Ayurveda is a medicinal science that shows us the healthy approach towards life. Swasthavritta is a part of Ayurveda that deals with the science of Health, which prescribes the theory, and practice of the maintenance of public and private health. ‘Swasthavritta’ i.e. the code for a healthy conduct literally means ‘the regime of abiding in one’s own nature’. Swasthavritta in Ayurveda means maintaining one’s health. Ayurveda is an art of medicine incorporating centuries of wisdom. According to Ayurveda a healthy person is one who maintains a complete equilibrium of all the four basics of ayurveda like Dosha, Dhatu, Agni and Mala along with Physical and emotional functions. For achieving this healthy approach towards life Ayurveda has laid stress on certain principles subjected to specific Ahar, Vihar and Achars based on Hetu (Material cause), Kala (Season) and Desha (Habitat). These principles are defined as Charyas (Routine or life style). People who have followed the Ayurvedic lifestyle in the early years is proof in itself on how beneficial following a healthy regime is. The principles of maintaining a proper well being of the body and mind are two-fold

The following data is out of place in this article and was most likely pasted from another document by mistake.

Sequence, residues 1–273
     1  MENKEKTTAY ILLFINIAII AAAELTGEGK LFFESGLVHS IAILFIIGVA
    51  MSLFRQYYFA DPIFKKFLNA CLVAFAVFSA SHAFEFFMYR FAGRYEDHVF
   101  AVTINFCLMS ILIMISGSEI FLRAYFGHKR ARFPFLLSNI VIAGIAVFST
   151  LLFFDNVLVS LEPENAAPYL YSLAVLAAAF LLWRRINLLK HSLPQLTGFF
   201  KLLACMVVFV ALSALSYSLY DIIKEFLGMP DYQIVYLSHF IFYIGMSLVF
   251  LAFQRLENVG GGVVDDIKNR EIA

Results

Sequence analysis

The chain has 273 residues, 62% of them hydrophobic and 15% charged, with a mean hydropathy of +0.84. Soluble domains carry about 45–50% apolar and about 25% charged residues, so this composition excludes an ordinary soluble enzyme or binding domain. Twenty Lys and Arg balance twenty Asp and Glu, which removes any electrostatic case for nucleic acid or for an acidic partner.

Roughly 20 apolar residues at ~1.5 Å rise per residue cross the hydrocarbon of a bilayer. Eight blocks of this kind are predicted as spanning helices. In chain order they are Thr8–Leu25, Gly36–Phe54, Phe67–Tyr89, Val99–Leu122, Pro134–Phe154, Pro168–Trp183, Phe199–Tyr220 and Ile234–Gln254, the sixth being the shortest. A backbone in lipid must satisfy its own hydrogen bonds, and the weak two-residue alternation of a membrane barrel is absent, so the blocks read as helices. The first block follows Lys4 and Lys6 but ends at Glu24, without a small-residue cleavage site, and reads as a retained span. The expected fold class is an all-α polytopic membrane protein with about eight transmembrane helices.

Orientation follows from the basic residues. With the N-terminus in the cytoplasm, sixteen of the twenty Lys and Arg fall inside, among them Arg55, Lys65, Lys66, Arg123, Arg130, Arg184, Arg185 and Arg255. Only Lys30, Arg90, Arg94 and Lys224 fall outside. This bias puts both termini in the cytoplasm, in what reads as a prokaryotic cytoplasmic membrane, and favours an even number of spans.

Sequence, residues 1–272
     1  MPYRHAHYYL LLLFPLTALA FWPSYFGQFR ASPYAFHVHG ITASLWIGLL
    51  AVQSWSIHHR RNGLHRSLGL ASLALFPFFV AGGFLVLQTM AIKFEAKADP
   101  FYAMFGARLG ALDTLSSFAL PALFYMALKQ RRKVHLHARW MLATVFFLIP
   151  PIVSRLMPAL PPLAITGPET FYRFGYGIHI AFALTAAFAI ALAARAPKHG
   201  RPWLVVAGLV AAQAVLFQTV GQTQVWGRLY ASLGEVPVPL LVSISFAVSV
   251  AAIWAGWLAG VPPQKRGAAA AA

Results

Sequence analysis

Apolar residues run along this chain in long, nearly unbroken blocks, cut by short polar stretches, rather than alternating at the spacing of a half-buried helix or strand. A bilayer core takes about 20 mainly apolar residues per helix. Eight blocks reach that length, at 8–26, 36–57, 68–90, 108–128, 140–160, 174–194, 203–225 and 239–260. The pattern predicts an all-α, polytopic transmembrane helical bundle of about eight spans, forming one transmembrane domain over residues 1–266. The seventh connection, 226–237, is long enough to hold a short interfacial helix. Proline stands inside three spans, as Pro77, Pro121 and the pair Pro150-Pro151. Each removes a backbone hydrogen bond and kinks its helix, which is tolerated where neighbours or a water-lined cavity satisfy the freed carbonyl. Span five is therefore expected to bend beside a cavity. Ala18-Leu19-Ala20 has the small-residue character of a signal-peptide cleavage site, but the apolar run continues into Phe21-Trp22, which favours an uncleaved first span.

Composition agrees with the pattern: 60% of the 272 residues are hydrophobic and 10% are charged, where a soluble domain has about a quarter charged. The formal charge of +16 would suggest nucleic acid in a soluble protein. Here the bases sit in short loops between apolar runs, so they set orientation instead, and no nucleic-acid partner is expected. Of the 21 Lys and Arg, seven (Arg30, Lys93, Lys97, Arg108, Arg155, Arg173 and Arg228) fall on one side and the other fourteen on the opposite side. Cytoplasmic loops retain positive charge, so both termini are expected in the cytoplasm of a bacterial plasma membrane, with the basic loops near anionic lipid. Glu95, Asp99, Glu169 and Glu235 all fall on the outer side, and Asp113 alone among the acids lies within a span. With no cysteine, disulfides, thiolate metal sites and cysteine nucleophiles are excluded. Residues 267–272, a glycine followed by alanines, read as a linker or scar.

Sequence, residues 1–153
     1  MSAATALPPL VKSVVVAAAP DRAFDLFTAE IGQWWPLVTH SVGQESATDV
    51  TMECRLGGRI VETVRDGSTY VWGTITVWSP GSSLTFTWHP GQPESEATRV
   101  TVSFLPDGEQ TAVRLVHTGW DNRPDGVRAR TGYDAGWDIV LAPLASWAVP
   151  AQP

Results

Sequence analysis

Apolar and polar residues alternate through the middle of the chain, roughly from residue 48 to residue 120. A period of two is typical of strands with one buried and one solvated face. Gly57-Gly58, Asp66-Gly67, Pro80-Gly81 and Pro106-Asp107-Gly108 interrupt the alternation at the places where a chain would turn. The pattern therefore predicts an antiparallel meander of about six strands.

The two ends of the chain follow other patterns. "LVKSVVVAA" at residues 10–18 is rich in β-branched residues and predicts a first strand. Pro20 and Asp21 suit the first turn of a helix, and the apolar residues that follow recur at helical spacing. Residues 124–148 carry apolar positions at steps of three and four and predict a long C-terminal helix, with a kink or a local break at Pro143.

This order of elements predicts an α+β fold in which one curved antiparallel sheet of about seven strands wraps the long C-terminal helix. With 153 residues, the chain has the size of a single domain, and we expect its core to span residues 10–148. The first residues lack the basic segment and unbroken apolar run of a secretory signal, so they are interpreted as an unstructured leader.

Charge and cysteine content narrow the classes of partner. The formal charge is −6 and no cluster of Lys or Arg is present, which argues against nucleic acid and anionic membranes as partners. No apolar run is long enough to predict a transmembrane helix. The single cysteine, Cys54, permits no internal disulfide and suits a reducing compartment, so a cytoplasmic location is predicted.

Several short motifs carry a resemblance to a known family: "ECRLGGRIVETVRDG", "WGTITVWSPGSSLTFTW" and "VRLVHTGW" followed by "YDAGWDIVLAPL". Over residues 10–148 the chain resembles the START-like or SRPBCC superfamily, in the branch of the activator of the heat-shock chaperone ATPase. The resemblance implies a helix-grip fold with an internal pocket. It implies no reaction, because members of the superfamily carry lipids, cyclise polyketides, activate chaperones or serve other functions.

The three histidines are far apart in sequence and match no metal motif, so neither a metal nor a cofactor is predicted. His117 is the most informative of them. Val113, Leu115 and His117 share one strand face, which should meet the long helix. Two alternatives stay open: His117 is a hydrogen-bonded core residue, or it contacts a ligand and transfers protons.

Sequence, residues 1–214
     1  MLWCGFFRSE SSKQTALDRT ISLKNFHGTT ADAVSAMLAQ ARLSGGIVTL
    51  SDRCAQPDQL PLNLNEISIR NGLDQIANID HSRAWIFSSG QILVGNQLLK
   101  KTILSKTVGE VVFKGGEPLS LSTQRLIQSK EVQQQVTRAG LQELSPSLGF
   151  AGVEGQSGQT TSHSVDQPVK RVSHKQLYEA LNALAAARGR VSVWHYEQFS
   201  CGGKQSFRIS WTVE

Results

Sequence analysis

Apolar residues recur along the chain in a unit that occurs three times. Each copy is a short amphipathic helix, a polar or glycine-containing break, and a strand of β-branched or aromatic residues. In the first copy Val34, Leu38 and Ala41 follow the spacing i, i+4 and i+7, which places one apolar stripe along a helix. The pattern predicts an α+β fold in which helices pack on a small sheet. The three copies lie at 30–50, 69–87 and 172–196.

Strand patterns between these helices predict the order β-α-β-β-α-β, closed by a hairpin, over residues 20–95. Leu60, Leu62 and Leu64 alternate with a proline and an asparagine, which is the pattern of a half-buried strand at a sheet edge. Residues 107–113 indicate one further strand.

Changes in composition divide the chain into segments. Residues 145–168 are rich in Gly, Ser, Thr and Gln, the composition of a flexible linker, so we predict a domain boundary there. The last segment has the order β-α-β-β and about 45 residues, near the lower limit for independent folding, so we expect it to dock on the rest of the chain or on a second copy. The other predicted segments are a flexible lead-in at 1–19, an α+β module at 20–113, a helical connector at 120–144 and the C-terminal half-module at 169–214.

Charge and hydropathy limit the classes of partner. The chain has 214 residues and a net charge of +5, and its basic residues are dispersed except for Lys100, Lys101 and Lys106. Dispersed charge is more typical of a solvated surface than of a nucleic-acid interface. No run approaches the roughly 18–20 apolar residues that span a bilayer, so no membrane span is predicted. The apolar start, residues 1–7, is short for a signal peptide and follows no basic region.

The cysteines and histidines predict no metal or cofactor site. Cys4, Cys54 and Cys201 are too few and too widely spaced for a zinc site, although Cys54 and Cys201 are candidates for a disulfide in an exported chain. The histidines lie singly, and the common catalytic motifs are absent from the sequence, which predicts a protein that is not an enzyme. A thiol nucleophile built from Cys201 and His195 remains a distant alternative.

- Consumption of diet
- Observance of personal, moral, seasonal and spiritual conduct.
Swasthavritta’ explains how to prevent disorders and how to maintain social health. The branch parallel to Swasthavritta is ‘Preventive and Social Medicine’ (PSM) which is now considered to be one of the important branches in modern medicine. Ayurveda defines the healthy state as: ‘A person, whose somatic and psychic humors are in equilibrium, digestion is uniformly healthy, with normal functioning of the fundamental tissues of the body and body wastes, accompanied by the processes of the soul, cognitive organs and the mind, is said to be a healthy person.’ Swasthavritta mainly emphasizes on following a proper routine regime as well as seasonal regime. Daily regime stresses on day-to day instructions like morning routine, basic cleanliness, natural urges, evening routine etc. The seasonal and climatic changes also have an important effect on the health. Hence Ayurveda has certain seasonal specific guidelines, which help us to cope up with the changes in the environment. Swasthavritta also includes Sadvritta that can be classified into five types. They are as follows:
- Good mental conduct
- Good social conduct
- Good religious conduct
- Good personal conduct
- Good moral conduct.
Thus we can sum up Swasthavritta as lifestyle of a person and how we live each day is the crux of Ayurvedic living. Ayurveda is really the art of moment-to-moment living. Thus through Swasthavritta, Ayurveda recommends different lifestyles according to age, sex, climate, time of day and time of year.